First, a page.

Amarjit Sahota, director of Organic Monitor, said the European natural and organic beauty market is estimated to be worth 1.7 billion euros, or $2.4 billion at current exchange, and that it doubled in size over five to six years. He said there’s ample room for gains, since the segment’s share is only about 3 percent of the total beauty market. Germany generates the most sales, with about half the revenue, followed by France, Italy and the U.K.

This year, Sahota expects the European natural and organic business to grow 12 percent, despite hurdles such as the jumble of certification, shelf space saturation and the influx of major players and private label brands, such as Hennes & Mauritz, Boots Organic and Aldi.

Ido Leffler, co-founder of Yes To, was unfazed by the private-label competition. “They’re the best thing to happen in this industry by creating awareness,” he said. Leffler also dismissed worries that the forest of product certification labels is confusing consumers and unnecessary.

“They don’t care if you have a seal,” said Leffler. “They trust what is being told to them on YouTube.”

He said Yes To had just entered Wal-Mart, and it’s now in 28,000 doors with more than 70 products. The brand also has partnered with Whole Foods to plant gardens in U.S. public schools.

One theme that ran through the speeches was the problem of supplying quality raw material, with a number of companies trying to take a more vertical approach to achieve sustainability.

Another speaker was Mirja Kloss, head of international marketing of cosmetics at Weleda, which is celebrating its 90th birthday this year. The brand had introduced in January its Skin Food cream and in May will come out with its Wild Rose deodorant.

Unique Products, a two-year-old Danish company with 16 units, is to start selling anti-aging skin care this August. The organic, fair trade and sustainable brand bases its product formulation on weight, culled from cast-off ingredients from cheese making, and traditional Scandinavian herbs, such as heather.

Also from Scandinavia was Swedish organic skin-care brand Estelle & Thild. Distributed in 400 doors region-wide, it was founded in 2007. Recent launches include an anti-stretch mark oil last spring that became a bestseller.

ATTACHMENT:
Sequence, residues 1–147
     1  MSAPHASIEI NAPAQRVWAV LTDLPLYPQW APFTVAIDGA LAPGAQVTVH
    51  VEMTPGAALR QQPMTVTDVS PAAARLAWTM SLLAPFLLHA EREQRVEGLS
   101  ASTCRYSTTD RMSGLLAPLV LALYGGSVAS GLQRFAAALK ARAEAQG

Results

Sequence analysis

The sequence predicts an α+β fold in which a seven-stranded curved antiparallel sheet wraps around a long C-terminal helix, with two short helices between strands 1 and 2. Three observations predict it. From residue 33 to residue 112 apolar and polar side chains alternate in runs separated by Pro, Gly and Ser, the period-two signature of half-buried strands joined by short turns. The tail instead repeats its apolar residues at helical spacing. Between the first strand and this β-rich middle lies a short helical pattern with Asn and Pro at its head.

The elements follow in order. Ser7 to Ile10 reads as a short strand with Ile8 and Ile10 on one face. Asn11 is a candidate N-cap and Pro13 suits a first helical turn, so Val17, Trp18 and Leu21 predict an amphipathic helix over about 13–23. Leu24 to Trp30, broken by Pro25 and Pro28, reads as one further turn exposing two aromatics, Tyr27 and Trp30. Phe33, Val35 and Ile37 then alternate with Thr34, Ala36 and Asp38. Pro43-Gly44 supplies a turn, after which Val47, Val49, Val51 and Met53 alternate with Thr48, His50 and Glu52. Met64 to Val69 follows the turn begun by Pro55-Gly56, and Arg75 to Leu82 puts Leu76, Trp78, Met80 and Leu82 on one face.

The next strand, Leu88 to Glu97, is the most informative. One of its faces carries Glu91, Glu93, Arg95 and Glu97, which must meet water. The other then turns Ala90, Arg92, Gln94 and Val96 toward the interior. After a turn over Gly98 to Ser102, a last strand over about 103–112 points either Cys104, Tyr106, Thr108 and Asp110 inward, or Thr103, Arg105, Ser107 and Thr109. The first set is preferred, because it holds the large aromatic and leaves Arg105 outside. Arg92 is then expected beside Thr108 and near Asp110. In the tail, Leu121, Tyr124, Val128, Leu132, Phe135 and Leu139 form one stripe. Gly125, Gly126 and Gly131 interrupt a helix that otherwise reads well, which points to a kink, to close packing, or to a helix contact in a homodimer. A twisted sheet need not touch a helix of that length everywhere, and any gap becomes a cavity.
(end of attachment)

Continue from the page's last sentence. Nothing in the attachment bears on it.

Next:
Les Fleurs de Bach was launching its first organic fragrances, called Eaux d’Elixir, which incorporate Bach flower essences. The trio is set for an introduction in mid-April. The brand is currently rolling out its debut anti-stress skin-care line.

“It doesn’t address specific problems, but well-being using proven ingredients like aloe vera,” said Annick Masseglia-Thireau, commercial and marketing director at Les Fleurs de Bach.

Also launching organic skin care was Cosmofarma, a 35-year Italian beauty maker. Its three-step antiaging product line includes packaging listing target age categories — 20- to 30-year-olds, for instance.

For hair, Abaché was debuting Colour.Pro, a 19-unit collection of organic products to be used in conjunction with the hair coloring process. The idea is to protect scalps from chemical penetration. Items from it will be available in salons and also some pharmacies, such as No Stain No Pain Shield for scalp protection.

Spotted within the selective perfumery section was The Berkeley Square brand from London, which was presenting its Royal Ballet body line, due out in June.

There was also a new Black Cassis women’s fragrance line, also slated for a June introduction. Eurocosmesi, a division of the Coswell Group that’s celebrating its 50th birthday this year, was introducing — among other novelties — Transvital sun care with SPF 50-plus. It’s to be launched at the end of March worldwide.